Power to the people: New material developed by physicists in South Korea generates electricity as it moves.
In this view from the Hubble Space Telescope, a massive galaxy in a cluster of galaxies produces multiple images of a single distant supernova behind it. The images of the exploding star are arranged in a cross-shaped pattern called an Einstein cross. In the enlarged inset view, arrows point to the four images.
Today, astronomers read the history of the universe by looking at the light emitted by hot, distance objects. Sometimes, however, those light sources give out — and their light disappears. Good news: A new technique might be able to still read the information that had been carried in that long-gone light.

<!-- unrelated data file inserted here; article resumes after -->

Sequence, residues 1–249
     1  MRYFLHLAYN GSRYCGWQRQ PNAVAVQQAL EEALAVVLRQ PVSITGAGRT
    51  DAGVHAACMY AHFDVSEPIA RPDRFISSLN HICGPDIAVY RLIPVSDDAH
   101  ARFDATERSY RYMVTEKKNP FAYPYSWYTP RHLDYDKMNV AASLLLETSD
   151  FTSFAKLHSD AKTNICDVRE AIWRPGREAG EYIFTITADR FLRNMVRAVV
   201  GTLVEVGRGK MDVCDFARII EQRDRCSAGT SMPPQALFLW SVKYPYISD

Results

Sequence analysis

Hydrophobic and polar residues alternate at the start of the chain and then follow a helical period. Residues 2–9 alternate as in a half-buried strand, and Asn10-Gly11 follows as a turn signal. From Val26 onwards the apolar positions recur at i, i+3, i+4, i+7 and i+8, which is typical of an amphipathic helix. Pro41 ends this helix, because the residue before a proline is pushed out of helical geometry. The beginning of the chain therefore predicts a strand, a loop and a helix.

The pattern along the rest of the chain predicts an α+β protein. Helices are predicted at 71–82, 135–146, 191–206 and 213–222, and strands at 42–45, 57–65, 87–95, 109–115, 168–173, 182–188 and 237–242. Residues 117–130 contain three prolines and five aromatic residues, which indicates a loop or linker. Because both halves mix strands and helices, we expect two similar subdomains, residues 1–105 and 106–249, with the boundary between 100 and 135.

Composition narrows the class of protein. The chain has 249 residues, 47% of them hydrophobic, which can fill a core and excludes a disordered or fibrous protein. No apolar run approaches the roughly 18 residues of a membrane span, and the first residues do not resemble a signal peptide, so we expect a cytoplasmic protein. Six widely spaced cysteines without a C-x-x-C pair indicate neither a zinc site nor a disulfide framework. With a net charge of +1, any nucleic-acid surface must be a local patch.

By watching for light’s ‘echoes,’ physicists think they can retrieve information being relayed by or as light. It could make it possible for astronomers to view distant objects without having to see the light they cast off.